There are many definitions on the internet regarding the various “get rich quick” networking schemes. It can be confusing, and so it is worth the effort to define them clearly so that we know what is legal and what is not.
If you would like to know the difference between Ponzi and Pyramid, check out Wikipedia here. Basically, a Ponzi system is where a single person recruits all his investors (one-to-many). The Ponzi system promises high returns on investment, USING money from subsequent investors. For example, John promises Person A a 50% returns on his investment in 10 days. This will attract a lot of investors every day due to the high rate of returns. Within the next 10 days, Person B, C, and D also sign-up, so John will simply use B, C and D’s money to return the 50% interest to Person A. Person A will not know where the money comes from as long as he gets the 50% extra back in 10 days as promised. As promised? Doesn’t that mean he should invest even more money the next round. There you go, John will be a millionaire in a very short time. You can read an unverified story about Charles Ponzi here, the originator of the scheme back in 1920.
A point to note is that such a scam is still used occasionally today, in the form of “hit-and-run”. There was a real case recently, where the scammer used “high rate of investment returns” to lure in their baits. The scammers will first return the interest within an agreed time frame to the investor as promised, so as to gain their trust, get them to invest even more money, or tell their friends about it. It is contagious – who doesn’t want to ride on a “get rich scheme” that seemed to work after all the years of hopeless lottery attempts? Once the scammer has collected sufficient money to call it quit, he will then disappear with the money. This is why we don’t see any scammers reaching to as many people as the earlier scammers did like Charles himself. The “hit-and-run” method is used so as to avoid getting noticed by the authorities – it will be too late if the police found out and knock on their door. All they need is a small group of believers (or ignorants), make enough cash, and run before the whole party gets “too big and glaring”.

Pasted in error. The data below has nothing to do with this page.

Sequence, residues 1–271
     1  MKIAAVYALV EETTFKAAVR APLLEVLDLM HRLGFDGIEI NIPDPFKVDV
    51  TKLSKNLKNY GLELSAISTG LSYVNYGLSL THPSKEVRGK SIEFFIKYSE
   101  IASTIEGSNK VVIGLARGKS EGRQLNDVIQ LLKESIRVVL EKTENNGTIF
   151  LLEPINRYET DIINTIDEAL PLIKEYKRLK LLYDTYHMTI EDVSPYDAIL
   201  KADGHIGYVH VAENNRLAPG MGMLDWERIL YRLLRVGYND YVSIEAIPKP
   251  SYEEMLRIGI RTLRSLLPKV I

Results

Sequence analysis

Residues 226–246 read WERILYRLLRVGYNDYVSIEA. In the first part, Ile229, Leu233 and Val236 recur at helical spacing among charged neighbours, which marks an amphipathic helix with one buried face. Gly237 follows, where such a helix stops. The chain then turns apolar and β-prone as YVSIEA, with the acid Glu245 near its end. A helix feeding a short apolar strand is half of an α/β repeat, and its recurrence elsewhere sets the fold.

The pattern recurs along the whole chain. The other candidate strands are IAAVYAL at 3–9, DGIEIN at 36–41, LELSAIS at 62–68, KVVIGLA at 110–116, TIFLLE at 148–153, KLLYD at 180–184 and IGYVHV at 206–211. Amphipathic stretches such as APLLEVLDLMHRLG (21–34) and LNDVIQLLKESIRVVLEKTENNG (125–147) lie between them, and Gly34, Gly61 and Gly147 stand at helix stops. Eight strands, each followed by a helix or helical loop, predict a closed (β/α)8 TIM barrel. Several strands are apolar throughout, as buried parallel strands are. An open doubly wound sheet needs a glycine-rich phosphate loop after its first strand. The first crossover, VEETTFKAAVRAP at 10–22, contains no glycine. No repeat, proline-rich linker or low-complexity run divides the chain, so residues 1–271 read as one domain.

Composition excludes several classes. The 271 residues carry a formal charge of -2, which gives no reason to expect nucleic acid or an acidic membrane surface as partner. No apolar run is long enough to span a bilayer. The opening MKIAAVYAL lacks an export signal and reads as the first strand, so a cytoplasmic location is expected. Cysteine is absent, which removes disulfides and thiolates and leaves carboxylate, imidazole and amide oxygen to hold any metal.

For the high-risk investors – we do not suggest trying to make the first money (i.e. the bait) and get out for good to avoid the “run”. You will never know which part of the game the scammers are at when you hand over the money.
Pyramid systems are generally people recruiting people (with downlines forming a pyramid), often without selling any real products or real investment plan in the backend. There are different variants, such as downline paying the upline, upline earning commissions, or a forced matrix system with either characteristics. In a forced matrix system, it enforces the number of downline a participant can have. For example, a 7×7 matrix means that every person in the system can only have 7 direct downlines, while the 8th onwards will move under one of the existing direct downlines by random. In this way, a forced matrix can build a deeper pyramid as compared to traditional systems.
Generally a Pyramid System is is different from MLM which sells value products, such as Amway and Sunrider, etc.
We think that it can be confusing and errorneous to use the terms (Pyramid, MLM, etc) to decide if the next one you are joining is a legal system. Whatever the marketer call it, it would be most important to understand how a particular system works rather than the term used, to determine if it is legal or not. It may be advisable to check with the local authorities for more information before diving in.